ER04: Computational Geometry and Topology for Data Analysis (11-15 January)

Dates: 11-15 January 2016

Location: Sophia-Antipolis

Teachers: Jean-Daniel Boissonnat, Frédéric Chazal et Alfredo Hubard (Sophia-Antipolis)

For more information about this school: https://team.inria.fr/geometrica/winter-school-2016/

ER05: Advanced Techniques Software Specification and Computer Proof (18-22 January)

Date: 18-22 January 2016

Teachers: Cyril Cohen, Laurence Rideau, and Laurent Théry Local contact: Enrico Tassi

https://team.inria.fr/marelle/en/advanced-coq-winter-school-2016/

ER01: Randomized Algorithms (7-11 December)

Dates : 7-11 December

Teachers: Joel Ouaknine, Ben Worrell et Stefan Kiefel (Oxford). Local contact: Pascal Koiran

Title: Probabilistic Techniques and Models in Computer Science

The schedule: Monday: 9:30 – 11:30 am and 1:30 – 3:30 pm Tuesday: 9 – 11:30 am, 1:30-3:30 pm and 4-6 pm. Wednesday: 9-11:30 am and 1:30-3:30 pm. Thursday: 9 am – 12:30 pm Friday: 9 am – 12:30 pm and afternoon exam: 2 pm – 4 pm

Synopsis (more information here):

— Decision Problems

* Space-bounded interactive protocols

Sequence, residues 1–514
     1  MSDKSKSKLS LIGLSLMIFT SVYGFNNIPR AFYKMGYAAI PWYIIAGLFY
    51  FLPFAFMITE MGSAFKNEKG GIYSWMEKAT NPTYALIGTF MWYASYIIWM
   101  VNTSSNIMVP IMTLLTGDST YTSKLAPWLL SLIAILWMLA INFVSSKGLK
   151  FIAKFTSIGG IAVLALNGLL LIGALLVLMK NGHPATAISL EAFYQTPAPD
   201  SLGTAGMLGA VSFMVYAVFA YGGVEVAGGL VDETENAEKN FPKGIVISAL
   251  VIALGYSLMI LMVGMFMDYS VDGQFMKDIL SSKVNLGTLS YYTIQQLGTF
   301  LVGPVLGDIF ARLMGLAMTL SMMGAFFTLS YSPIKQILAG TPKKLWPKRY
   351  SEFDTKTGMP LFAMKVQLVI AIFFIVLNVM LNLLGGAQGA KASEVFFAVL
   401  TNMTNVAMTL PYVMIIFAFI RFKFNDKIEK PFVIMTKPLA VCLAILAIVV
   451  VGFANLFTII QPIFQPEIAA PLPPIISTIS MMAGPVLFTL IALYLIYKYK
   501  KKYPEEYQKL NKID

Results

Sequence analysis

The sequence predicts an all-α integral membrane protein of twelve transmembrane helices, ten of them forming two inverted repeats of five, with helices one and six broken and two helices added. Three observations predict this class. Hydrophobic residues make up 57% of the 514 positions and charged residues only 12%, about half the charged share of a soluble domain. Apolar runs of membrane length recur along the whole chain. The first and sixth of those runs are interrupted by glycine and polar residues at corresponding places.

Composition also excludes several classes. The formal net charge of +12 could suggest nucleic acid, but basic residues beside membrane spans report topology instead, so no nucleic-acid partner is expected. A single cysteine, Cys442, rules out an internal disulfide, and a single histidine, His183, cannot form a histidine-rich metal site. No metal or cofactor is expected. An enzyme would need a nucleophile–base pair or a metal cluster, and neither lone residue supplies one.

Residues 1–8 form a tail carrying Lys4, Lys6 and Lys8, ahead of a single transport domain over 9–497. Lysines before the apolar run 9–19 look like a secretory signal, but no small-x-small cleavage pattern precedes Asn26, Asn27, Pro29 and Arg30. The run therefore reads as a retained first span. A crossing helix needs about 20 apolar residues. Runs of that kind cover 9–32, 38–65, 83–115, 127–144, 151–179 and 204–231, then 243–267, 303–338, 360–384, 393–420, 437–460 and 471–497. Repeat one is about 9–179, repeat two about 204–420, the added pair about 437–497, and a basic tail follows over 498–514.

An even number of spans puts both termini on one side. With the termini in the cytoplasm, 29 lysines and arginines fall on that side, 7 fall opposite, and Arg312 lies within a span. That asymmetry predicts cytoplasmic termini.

* Reachability and threshold problems for Markov chains

* Connections with number theory

— Stochastic [Lire la suite…]

ER02: Data Mining : Statistical Modeling and Learning from Data (11-15 January)

Dates: 11-15 January 2016

Teachers: Ciro Cattuto, Laetitia Gauvin et André Panisson (ISI Torino)

Local contact: Márton Karsai (marton.karsai@ens-lyon.fr)

Venue: ENS Lyon, site Monod, Amphi B (entrance from the 4th floor)

Time: 9:30 – 16:45

External participants who has no access to the building should contact Marton Karsai (marton.karsai@ens-lyon.fr) in advance.

The main page of the course can be found here.

The course aims to provide basic skills for analysis and statistical modeling of data, with special attention to machine learning both supervised and unsupervised. An important objective of the course is the operational knowledge of [Lire la suite…]

ER03: Combinatorics/Sage (18-22 January)

Dates: 18 – 22 January 2016

Organizer : Nicolas Thiéry and Thierry Monteil.

ER01: Data Structures for Big Data

Dates: January 12-16, 2015.

Teachers: Michael Bender (Stony Brook University), Martín Farach-Colton (Rutgers and Tokutek), Samuel McCauley (Stony Brook University)

Description of the school

Course Hours

Monday-Thursday:

  • morning lecture: 9:30am-11:30am

  • afternoon lecture: 1:30pm-3:30pm.

  • recitation/homework practice: 4pm-5pm.

Friday:

  • morning lecture: 9:30am-11:30am

  • afternoon exam:  2pm-5pm

Local contact :  Frédéric Vivien.

Registration

Registration is free, but the number of participants is limited. Registration includes neither housing nor meals (though for lunch the attendees will be granted access to the student [Lire la suite…]

ER02: Algorithms and Heuristics for Large-scale Data Sets

Dates: January 19-23, 2015.

Dedicated webpage